Tetanus is a disease caused by the toxin of the bacterium Clostridium tetani that affects the central nervous system , sometimes resulting in death. Infection usually originates from a contaminated wound, often a cut or deep puncture wound. Once the bacteria are in the body, they produce a neurotoxin (a protein that acts as a poison to the body's nervous system) known as tetanospasmin that causes muscle spasms. Common symptoms are muscle spasms in the jaw (hence the common name lockjaw ), followed by difficulty swallowing and general muscle stiffness of other parts of the body In the United States, because of widespread immunization and careful wound care, the annual number of cases among children is between 50-100 cases.

Causes of Tetanus

The common Causes of Tetanus :

  • Tetanus can occur in burn victims; in patients receiving intramuscular injections; in persons obtaining a tattoo; and in persons with frostbite, dental infections (eg, periodontal abscesses), penetrating eye injuries, and umbilical stump infections.
  • Tetanus has been reported after tooth extractions, root canal therapy, and intraoral soft tissue trauma.
  • The effect of the toxin on your nerves can cause muscle stiffness and spasms the major signs of tetanus.
  • The wound may go unnoticed, and the infection may not seem very severe but the bacteria releases a poison called a neurotoxin that attacks the nervous system and causes problems such as muscle spasm.
  • Other reported risk factors include diabetes, chronic wounds (eg, skin ulcers, abscesses, gangrene), parenteral drug abuse, and recent surgery (4% of US cases).
  • Tetanus may develop in people who are not immunized against it or in people who have failed to maintain adequate immunity with active booster doses of vaccine.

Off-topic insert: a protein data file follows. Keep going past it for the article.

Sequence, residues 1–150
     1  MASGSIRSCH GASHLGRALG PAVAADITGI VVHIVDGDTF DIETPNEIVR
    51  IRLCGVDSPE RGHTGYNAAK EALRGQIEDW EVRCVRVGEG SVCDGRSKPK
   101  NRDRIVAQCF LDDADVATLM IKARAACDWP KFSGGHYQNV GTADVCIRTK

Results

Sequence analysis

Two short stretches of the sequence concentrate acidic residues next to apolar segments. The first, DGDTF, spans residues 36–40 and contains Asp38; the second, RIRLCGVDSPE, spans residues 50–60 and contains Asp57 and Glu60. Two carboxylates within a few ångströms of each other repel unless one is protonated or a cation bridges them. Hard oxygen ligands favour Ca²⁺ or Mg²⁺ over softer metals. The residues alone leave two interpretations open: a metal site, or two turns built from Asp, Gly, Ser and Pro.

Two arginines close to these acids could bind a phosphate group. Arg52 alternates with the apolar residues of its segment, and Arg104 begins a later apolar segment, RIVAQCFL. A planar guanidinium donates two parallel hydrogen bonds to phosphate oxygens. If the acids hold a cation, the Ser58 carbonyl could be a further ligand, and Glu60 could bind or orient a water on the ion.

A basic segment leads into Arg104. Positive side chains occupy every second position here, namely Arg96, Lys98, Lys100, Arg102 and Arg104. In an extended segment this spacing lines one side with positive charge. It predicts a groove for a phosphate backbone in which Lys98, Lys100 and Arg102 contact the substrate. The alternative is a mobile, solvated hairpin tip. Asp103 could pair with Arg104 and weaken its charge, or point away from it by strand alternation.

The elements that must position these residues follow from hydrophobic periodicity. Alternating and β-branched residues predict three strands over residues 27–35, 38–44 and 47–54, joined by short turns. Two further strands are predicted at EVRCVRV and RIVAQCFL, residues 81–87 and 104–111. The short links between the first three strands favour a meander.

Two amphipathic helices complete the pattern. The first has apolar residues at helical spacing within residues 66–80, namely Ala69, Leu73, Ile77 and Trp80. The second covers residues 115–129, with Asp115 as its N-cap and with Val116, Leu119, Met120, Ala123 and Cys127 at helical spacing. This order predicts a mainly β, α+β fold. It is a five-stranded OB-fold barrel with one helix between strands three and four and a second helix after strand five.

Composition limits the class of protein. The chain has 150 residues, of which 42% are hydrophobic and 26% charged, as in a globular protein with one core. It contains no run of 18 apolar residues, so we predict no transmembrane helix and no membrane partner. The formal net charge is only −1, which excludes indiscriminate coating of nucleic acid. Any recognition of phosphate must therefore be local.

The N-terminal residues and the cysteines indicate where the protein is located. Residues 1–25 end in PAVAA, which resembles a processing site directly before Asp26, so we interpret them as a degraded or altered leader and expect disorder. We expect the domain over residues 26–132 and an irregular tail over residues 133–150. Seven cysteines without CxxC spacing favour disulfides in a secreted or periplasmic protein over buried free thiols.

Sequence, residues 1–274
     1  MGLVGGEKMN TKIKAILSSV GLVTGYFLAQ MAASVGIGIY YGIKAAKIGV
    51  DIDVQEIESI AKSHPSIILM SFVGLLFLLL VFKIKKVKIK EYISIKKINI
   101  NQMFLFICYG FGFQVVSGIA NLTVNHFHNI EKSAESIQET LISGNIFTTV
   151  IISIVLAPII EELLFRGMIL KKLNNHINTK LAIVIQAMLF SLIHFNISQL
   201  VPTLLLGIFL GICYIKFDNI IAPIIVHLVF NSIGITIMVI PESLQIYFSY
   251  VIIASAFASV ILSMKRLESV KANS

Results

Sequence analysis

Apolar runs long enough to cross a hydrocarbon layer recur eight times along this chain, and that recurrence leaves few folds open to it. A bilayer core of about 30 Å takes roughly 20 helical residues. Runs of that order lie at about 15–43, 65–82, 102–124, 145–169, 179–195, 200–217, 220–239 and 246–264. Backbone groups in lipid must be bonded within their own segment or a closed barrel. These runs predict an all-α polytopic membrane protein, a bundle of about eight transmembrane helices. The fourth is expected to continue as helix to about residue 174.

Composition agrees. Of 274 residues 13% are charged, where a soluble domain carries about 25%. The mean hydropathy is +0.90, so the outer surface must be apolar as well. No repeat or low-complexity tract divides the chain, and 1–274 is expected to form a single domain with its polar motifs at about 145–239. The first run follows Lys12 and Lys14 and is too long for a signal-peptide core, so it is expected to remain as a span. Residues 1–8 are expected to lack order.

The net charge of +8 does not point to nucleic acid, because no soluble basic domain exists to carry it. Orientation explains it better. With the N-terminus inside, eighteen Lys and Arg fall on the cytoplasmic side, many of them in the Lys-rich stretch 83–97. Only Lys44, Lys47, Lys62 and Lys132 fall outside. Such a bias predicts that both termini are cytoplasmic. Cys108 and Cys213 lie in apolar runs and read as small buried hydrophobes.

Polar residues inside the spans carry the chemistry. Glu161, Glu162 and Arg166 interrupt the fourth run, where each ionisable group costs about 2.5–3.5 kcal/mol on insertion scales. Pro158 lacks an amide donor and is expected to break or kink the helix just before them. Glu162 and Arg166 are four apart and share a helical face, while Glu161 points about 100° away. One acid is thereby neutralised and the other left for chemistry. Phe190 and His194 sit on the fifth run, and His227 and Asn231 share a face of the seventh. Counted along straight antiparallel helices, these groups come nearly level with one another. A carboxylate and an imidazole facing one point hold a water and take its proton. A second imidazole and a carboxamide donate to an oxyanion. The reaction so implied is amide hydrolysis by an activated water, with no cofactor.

• In unfavourable circumstances to the growth of the organism, spores are formed and these remain dormant for years in the soil.

Symptoms of Tetanus

Some common Symptoms of Tetanus :

  • Tetanic seizures (painful, powerful bursts of muscle contraction )
  • Spasms and tightening of the jaw muscle ("lockjaw")
  • Irritability
  • Stiffness of your jaw, neck and other muscles
  • Fever
  • Swallowing difficulty
  • Arching of the back and neck
  • Abdominal muscles
  • Sweating
  • Abnormal heart rate and blood pressure

Treatment of Tetanus

Here is the list of the methods for treating Tetanus :

  • Give penicillin to kill C . tetani (other antibiotics such as clindamycin, erythromycin, or metronidazole can be used in patients who are allergic to penicillin).
  • Remove and destroy the source of the toxin through surgical exploration and cleaning of the wound (debridement).
  • Attempting endotracheal intubation may induce severe reflex laryngospasm; prepare for emergency surgical airway control. Rapid sequence intubation techniques (eg, with succinylcholine) are recommended to avoid this complication
  • Apply direct pressure to the site of bleeding to help minimize blood loss.
  • Muscle spasms can be treated with muscle relaxants such as diazepam.
  • Bedrest with a nonstimulating environment (dim light, reduced noise, and stable temperature) may be recommended.
  • Apply a clean and dry cloth to stop or minimize bleeding.
  • Remove and destroy the source of the toxin through surgical exploration and cleaning of the wound (debridement).
  • Sedation may be necessary to keep the affected person calm.